The second problem I foresee is the technology itself. The digital projectors used in theaters currently conform to Digital Cinema Initiatives specifications as set forth by the Big 6 studios (Warner Bros, Sony, Disney, Universal, Paramount, Fox). Currently these standards seem to be below the resolution presented by digital IMAX. Simply put, unless this new NEC digital projector is indeed “state-of-the-art,” I don’t foresee the projection quality being better than it would be in IMAX (not sure which model Ward is installing, but the newest NEC projectors will be able to upgrade to a higher resolution standard than what is required–possibly at a later time). If this turns out to be the case, Ward could have a tough time selling moviegoers on this technology once word gets out. Again, I’ll need to reserve judgement until I can see the technology in action.

However, Ward’s new Titan experience does have two things going for it:

  1. Reserved Seating–Cavemen had the wheel, Edison had his light blub, Bell had the telephone, and now Hawaii finally has reserved seating for movies. How would you like to not have to hassle with waiting in line on opening night? Just show up 20 minutes before the show starts, buy your food and sit down without having to worry about finding a seat? Sounds so easy right? I mean really, sports and the airline industry have been doing it for decades, why not the theaters as well? This semi new feature (Ward previously did have a concierge service that allowed for reserved seating–as a subscription service) is a great selling point as it will take some antagonism out of the movie going experience. The downside–it’s only for one theater.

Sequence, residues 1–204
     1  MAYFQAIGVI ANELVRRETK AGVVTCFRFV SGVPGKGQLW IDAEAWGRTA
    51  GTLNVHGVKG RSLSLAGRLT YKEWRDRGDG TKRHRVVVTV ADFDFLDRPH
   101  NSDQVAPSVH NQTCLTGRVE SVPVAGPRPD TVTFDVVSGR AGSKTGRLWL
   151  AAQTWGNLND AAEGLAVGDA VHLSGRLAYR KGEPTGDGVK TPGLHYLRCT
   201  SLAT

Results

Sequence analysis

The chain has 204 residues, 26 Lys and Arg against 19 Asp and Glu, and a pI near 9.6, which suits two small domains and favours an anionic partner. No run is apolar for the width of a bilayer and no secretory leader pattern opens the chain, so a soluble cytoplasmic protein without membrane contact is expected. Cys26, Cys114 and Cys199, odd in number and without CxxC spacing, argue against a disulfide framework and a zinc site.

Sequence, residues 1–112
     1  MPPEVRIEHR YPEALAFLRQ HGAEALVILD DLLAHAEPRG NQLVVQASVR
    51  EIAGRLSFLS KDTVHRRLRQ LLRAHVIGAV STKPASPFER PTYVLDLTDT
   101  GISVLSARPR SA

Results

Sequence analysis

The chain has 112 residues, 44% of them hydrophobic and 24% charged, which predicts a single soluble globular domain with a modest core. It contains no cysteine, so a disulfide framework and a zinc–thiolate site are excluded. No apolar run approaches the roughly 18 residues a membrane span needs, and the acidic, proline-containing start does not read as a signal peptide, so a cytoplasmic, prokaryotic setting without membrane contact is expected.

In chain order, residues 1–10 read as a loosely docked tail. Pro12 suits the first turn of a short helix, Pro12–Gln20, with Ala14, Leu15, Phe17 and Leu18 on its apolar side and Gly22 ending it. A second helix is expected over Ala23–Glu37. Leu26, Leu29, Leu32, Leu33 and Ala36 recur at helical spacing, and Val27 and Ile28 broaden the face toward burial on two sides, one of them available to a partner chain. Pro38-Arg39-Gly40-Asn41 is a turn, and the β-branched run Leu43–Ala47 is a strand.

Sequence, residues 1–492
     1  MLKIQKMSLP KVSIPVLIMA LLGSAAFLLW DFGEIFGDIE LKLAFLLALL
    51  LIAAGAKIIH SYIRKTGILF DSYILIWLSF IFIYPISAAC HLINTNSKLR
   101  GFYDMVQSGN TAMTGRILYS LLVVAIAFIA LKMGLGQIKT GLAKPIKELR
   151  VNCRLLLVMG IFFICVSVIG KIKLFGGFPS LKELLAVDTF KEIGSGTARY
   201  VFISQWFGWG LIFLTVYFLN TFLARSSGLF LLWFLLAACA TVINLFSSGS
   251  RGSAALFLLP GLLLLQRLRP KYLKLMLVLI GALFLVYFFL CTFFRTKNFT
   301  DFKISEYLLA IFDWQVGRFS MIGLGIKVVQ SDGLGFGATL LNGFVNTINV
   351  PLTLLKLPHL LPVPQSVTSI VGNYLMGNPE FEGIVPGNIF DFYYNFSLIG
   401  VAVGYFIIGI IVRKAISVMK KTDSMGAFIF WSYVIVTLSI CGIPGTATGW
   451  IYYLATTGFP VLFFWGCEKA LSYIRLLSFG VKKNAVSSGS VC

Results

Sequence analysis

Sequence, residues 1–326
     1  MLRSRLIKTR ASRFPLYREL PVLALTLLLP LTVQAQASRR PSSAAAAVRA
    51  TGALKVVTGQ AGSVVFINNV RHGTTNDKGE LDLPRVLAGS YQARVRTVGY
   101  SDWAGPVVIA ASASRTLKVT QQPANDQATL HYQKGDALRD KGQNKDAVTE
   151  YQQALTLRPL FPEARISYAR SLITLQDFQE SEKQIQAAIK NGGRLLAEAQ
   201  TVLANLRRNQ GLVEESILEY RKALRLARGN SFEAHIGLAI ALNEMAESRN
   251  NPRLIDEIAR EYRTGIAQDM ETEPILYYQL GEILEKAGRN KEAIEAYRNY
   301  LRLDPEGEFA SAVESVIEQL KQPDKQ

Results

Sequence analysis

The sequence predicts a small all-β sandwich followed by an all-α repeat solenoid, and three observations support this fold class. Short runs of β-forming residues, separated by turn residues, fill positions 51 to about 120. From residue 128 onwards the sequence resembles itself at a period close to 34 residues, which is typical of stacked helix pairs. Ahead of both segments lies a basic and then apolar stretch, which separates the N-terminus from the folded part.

2. Price–For about two weeks after Consolidated announced Titan XC I was very hesitant as no where did they announce the ticket prices for this new “experience.” However last week they finally set the ticket prices and I have to say that they’re really trying to do their best to compete with Dole. Take a look:
  • Adult – $14.25
  • Senior/Child – $11.00
  • 3D Adult – $16.25
  • 3D Senior/Child – $13.00

Compare these prices to Dole’s IMAX where ticket prices are $17 for adults, $14 for kids, and $13.50 for seniors (in either 2D or 3D) and Ward is definitely undercutting Dole. This will definitely turn the tide in Ward’s favor if the technology is as good or better than Dole’s IMAX. If not, you still have the consolation of paying about $4 more than a regular Ward ticket price for the amenity of reserving your seat–still, not a bad deal.

After it’s all said and done though, having more viewing options for moviegoers can never be a bad thing. I just hope that Consolidated hasn’t rushed blindly into competing with Dole by giving us window dressing in the form of Titan XC. Hopefully I can check out the new Titan XC experience this weekend. And if I do, expect a follow up post to hash everything out.

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Additional Reading:

The Titan XC webpage on Consolidated’s website, with a link to their press release and ticket prices.

Rachel Gibson of Consolidated Theatres talking about Titan XC on Wake Up 2Day